Facts & Figures
Facts and figures – overview
In the table below are many reports full of facts and figures about alcohol and young people, but we have selected a few scary and encouraging facts about drinking amongst 11 – 15 year olds and young adults as an overview.
N.B. These are provided for teacher information. Not all statistics are suitable to be shared with young people.
England and Wales:
- 35% of all Accident & Emergency (A&E) attendance and ambulance costs may be alcohol related in England. 9
- 552 people died from alcohol poisoning in the UK in 2020. 1
- Males accounted for approximately two-thirds of the total number of alcohol-related deaths in 2020 in the UK. There were 8,974 alcohol-specific deaths in the UK, 19 per 100,000 population in males and 9.2 per 100,000 population in females. 1
- In 2020, it is estimated that there were 220 fatal drink drive accidents. 2
- Being impaired by alcohol is thought to be a contributory factor in 13% of pedestrian road deaths. 11
- For 16 – 24-year olds, 21% of deaths in males and 9% of deaths in females have been attributed to alcohol consumption. 8
- In the year ending March 2018, 39% of all victims of violence in England and Wales said their attacker was affected by alcohol at the time. It is estimated that there were 561,000 violent alcohol-related incidents in 2017/18. 3
- Alcohol misuse is a factor in 30% of suicides each year.
- Hospital admissions for young people under 18 in the 3 year period 2016/17-2018/19 were 11,233. The admission rate for girls was 37.5 (per 100,000) compared to 25.9 (per 100,000) for boys. 4
- In England, there were 357,659 estimated admissions where an alcohol-related disease, injury or condition was the primary diagnosis or there was an alcohol-related external cause in 2017/18. 4
- 4% of 16 – 24 year-old men drink more than 50 units a week and 3% of women aged 16 – 24 drink more than 35 units a week putting themselves at risk of alcohol dependency, mental and behavioural problems and long term health risks such as liver disease. Among adults aged 16 – 74, 5% of men and 3% of women are estimated to be higher risk drinkers in England. 5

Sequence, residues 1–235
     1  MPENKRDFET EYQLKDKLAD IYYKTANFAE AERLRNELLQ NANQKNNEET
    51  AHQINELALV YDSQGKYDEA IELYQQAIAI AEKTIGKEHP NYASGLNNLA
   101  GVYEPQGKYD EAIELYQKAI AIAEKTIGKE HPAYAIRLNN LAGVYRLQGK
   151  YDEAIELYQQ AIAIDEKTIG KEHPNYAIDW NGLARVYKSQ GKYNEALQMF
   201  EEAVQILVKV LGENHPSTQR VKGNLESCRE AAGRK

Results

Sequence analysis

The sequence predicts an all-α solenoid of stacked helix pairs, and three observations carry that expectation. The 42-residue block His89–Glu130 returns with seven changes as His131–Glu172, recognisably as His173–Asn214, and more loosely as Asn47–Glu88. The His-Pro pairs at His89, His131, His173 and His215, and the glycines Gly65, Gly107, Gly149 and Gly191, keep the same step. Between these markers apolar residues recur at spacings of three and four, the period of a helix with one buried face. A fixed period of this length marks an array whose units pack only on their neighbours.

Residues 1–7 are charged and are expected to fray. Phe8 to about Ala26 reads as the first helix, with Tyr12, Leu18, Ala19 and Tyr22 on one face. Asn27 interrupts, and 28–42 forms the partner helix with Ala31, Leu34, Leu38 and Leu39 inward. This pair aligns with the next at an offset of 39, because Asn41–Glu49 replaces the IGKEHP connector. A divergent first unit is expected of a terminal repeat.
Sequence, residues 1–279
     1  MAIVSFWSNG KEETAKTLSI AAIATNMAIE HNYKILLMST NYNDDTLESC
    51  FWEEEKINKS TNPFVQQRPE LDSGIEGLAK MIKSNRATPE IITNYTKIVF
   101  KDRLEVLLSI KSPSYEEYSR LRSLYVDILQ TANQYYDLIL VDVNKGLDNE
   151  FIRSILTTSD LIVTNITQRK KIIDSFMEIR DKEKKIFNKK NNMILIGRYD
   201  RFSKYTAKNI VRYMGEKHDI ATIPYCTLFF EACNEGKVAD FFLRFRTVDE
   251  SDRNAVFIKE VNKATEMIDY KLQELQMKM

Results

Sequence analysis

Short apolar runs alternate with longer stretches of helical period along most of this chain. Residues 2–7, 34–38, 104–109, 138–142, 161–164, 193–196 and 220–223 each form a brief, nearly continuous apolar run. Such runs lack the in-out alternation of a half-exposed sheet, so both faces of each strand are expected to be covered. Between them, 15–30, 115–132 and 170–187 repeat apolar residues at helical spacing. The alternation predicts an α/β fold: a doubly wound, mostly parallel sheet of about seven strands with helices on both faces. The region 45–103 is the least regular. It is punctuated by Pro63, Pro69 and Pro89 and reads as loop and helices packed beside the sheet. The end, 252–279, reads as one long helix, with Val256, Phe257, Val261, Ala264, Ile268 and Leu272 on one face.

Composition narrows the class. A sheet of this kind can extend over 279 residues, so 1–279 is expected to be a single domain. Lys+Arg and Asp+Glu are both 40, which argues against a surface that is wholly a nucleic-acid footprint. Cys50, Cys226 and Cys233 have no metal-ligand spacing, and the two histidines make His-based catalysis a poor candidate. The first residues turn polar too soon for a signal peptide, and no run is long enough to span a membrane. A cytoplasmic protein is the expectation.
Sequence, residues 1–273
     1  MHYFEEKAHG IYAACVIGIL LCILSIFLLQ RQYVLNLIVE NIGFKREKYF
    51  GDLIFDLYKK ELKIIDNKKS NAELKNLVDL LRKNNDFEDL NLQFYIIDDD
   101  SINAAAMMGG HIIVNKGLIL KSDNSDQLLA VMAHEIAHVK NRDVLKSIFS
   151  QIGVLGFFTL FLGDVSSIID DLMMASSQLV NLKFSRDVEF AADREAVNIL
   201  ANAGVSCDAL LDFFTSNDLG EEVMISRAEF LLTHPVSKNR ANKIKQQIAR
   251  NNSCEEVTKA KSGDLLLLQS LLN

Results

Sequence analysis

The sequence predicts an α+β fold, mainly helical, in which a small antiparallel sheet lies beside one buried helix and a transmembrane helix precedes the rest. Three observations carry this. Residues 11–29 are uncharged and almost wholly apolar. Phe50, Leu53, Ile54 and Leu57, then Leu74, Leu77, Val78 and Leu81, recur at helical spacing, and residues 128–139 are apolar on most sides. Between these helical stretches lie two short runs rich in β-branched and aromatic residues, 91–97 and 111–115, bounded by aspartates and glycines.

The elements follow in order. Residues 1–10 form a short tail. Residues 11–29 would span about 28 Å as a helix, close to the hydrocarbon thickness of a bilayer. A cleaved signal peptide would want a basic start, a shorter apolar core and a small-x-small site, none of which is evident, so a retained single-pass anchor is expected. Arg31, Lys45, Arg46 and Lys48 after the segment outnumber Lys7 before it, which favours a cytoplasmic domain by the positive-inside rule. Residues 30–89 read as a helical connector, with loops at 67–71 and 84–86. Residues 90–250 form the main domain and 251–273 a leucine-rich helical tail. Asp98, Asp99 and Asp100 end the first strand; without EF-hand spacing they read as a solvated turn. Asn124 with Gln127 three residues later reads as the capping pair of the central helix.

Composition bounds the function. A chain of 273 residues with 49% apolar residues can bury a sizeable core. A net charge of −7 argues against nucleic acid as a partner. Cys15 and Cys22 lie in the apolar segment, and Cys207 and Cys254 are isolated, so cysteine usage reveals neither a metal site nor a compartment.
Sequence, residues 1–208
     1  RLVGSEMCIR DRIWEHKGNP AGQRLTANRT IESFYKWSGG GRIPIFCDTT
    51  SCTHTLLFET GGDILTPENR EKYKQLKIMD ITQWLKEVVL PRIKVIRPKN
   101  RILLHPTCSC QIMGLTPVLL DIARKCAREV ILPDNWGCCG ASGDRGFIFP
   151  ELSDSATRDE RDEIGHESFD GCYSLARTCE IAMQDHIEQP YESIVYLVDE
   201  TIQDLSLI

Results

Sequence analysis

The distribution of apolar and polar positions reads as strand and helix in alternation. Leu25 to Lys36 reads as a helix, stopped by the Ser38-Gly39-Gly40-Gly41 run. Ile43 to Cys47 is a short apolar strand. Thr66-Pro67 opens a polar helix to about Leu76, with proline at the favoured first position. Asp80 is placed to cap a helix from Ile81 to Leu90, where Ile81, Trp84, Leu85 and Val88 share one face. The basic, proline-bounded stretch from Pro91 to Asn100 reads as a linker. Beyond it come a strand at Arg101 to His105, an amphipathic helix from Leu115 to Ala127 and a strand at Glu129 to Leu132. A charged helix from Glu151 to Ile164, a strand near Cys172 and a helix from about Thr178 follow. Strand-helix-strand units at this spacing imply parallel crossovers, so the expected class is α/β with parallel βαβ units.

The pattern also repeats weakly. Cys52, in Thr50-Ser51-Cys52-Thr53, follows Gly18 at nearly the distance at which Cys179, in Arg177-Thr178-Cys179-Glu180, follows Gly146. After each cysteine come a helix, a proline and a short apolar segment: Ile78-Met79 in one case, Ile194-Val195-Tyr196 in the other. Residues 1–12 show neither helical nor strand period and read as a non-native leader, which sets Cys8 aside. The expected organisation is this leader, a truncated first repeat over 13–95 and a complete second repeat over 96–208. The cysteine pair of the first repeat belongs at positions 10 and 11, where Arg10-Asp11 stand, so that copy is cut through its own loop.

- There were 12,180 exclusions for drug and alcohol offences in English schools in 2018/19 – 17% up on the year before and the highest since records began in 2006-07. 13
- In England, only 6% of 11 – 15 year-olds drink at least weekly (down from 20% in 2003) – i.e. 94% don’t (1% of 11 year-olds drink rising to 14% of 15 year-olds). 6
- 60% of 11 – 15 year-olds have never drunk alcohol (up from 41% in 2000). The proportion of pupils who have had an alcoholic drink increases from 13% of 11 year-olds to 65% of 15 year-olds. 6
- The proportion of pupils who think it is ok for someone of their age to drink alcohol has fallen in recent years. In 2021, 23% of pupils thought that it was ok for someone of their age to drink once a week, compared to 46% in 2003. 6
- Among 16 – 24 year-olds in 2018, 22% of men and 15% of women said they binge drink. That means an overwhelming majority of young adults (78 % of men and 85% of women) go out to enjoy themselves and socialise, not to get drunk. 5
- In 2018, 69% of men drank and 85% of women drank within the government low risk drinking guideline (a maximum of 14 units for both women and for men). 5
Statistics are drawn from:
1. Alcohol-specific deaths in the United Kingdom: registered in 2020, published December 2021 (Office of National Statistics)
2. Estimates for reported road traffic accidents involving illegal alcohol levels: 2018 (Department for Transport)
3. The nature of violent crime in England and Wales: year ending March 2018 (ONS) published 2019.
4. Local Alcohol Profiles for England (LAPE)
5. HSCIC Health Survey for England, 2018, published 2019
6. HSCIC Smoking, drinking and drug use among young people in England 2021 report, published 2022.
7. Statistics on Alcohol, England, 2021
8. John Moores University. Updating England-Specific Alcohol-Attributable Fractions report, 2013.
9. Nuffield Trust: Alcohol-specific activity in hospitals in England, 2015.
10. Alcohol-specific deaths by sex, age group and individual cause of death
11. Facts on Pedestrian Casualties June 2015 Department of Transport
12. Adult drinking habits in Great Britain: 2005 to 2016.
13. Permanent and fixed-period exclusions in England